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Senior Member
Jun 30, 2004
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September 11th, 2006


A hero is someone who makes you proud to belong to the same species.

If a group of aliens from the Thothian galaxy were to come here, looking for a new planet to colonize after sterilizing it of all contaminating life forms, and ask you why they shouldn’t sterilize Earth, what defense would you give? It would be unwise to claim our value to the universe on the basis of our accomplishments in science or the arts. It would be foolish to point to our rock idols or movie stars. But you might well say, “Ours is the species that produced….”

Ulysses Grant, for whom death—a painful one by throat cancer—came at an awkward moment. He had been duped by a business partner, a swindler who left him and many others penniless. Then Grant was diagnosed with cancer and death announced his intention to pay a call. Well, death would just have to wait; the general was busy. Mark Twain agreed to publish Grant’s memoirs, so as to provide for his family after his death, and Grant began writing furiously. After a year of unimaginable pain, Grant finished his memoir, added a page or two for the editor, and finally informed death that the general would see him now.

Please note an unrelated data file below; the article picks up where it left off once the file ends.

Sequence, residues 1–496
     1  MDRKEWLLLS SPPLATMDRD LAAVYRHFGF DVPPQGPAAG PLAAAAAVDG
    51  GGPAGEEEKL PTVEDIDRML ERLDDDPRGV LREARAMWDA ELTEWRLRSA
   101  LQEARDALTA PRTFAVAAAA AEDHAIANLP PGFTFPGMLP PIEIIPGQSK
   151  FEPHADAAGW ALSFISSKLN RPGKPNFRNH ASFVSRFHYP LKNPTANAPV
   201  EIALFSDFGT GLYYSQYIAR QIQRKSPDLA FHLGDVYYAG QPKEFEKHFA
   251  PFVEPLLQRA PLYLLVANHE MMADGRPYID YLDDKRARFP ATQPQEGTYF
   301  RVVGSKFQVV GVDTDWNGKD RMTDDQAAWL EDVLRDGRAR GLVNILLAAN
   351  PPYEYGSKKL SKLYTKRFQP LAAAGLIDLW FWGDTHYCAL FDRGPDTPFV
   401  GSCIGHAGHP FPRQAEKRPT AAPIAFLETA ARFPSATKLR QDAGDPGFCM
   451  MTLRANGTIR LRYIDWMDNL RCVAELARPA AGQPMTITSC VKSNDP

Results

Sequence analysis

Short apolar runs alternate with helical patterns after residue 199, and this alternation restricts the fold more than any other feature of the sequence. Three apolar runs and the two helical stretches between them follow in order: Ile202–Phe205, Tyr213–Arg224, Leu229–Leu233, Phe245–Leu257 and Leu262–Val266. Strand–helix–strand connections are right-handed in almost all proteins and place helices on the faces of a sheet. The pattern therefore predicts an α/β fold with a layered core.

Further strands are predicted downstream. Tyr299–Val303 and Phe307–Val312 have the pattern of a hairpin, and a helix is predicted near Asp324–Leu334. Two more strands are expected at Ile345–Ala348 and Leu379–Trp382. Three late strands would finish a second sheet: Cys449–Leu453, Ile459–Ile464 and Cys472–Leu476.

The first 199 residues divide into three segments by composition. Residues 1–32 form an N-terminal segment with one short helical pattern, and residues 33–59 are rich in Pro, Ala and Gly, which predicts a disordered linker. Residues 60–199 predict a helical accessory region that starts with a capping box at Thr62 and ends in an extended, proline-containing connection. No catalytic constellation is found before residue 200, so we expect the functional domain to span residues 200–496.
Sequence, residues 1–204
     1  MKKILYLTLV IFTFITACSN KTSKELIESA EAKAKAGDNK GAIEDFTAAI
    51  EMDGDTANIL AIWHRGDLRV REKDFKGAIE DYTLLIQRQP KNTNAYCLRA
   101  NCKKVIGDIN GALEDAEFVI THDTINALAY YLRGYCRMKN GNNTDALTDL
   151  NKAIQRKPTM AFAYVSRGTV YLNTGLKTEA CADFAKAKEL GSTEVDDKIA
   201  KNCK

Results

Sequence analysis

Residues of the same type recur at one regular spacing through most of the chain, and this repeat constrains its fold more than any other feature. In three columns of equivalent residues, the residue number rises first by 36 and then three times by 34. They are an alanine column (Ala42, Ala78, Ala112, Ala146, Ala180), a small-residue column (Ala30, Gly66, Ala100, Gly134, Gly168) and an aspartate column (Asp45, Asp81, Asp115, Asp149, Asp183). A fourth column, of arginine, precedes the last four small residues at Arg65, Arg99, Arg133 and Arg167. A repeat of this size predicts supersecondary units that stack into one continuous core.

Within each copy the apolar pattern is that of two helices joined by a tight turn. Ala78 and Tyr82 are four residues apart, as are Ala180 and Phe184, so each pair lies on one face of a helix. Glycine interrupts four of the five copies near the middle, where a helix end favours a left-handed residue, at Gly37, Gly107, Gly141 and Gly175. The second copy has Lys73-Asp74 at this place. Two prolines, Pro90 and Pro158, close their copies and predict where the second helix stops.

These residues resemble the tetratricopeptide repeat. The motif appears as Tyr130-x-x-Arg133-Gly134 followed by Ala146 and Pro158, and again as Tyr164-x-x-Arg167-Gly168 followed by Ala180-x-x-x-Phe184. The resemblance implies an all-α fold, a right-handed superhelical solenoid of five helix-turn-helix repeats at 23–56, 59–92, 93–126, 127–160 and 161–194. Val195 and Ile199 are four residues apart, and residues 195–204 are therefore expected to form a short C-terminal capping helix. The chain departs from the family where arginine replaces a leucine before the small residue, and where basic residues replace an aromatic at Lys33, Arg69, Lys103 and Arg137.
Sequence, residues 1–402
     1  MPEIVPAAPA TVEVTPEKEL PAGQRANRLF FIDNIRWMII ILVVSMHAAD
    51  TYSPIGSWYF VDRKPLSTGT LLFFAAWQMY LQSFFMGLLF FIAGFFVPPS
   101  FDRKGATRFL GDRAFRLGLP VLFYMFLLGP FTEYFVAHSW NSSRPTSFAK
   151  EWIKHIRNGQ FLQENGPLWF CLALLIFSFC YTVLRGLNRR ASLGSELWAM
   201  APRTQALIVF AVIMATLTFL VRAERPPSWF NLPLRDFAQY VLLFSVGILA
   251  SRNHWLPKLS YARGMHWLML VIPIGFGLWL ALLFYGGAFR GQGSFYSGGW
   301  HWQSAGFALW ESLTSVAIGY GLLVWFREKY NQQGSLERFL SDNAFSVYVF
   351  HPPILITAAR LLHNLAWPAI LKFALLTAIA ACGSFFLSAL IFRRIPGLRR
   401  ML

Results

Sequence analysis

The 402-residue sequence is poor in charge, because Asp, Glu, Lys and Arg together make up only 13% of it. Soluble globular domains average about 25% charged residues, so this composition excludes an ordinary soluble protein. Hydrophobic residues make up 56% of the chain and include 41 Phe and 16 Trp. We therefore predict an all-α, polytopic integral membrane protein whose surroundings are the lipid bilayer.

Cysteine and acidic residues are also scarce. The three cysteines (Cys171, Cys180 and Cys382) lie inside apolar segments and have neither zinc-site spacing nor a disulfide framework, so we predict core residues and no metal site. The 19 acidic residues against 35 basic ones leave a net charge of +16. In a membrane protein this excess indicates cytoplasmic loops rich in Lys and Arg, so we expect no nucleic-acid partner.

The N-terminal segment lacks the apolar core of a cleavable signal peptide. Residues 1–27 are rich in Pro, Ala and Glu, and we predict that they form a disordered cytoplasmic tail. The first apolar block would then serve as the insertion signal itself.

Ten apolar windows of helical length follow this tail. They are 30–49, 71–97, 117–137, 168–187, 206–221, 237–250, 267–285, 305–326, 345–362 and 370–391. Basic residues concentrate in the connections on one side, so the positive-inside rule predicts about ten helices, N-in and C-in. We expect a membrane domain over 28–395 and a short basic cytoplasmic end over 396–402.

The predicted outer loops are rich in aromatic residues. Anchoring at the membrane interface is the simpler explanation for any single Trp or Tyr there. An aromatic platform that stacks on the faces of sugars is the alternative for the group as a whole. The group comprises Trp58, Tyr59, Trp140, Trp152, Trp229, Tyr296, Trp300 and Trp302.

Chiune Sugihara, who, while he was the Japanese Consul in Kaunas, Lithunania in 1940, saved the lives of over 6,000 Jews fleeing the Holocaust, by disobeying the orders of his government and granting them visas to Japan. When asked later why he did it. he said that these refugees were human beings and that they simply needed help. As he foresaw, his good deed did not go unpunished; he was dismissed from the Japanese diplomatic service in 1945 and spent the rest of his life in poverty. He lived just long enough to be honored by the state of Israel but all other tributes were posthumous.

Private Ingram C. Lambert Lambert, who was trapped with the rest of C Company by barbed wire on Omaha Beach during D-Day. After fifteen minutes while no one did anything or gave any orders, Lambert decided to do something on his own. He picked up a Bangalore torpedo, jumped over a wall, crossed a road to the barbed wire, and tried set off the torpedo. It failed to ignite and he was killed by machine gun fire seconds later. But his action inspired a platoon leader to follow and ignite the torpedo, thus freeing the company to advance.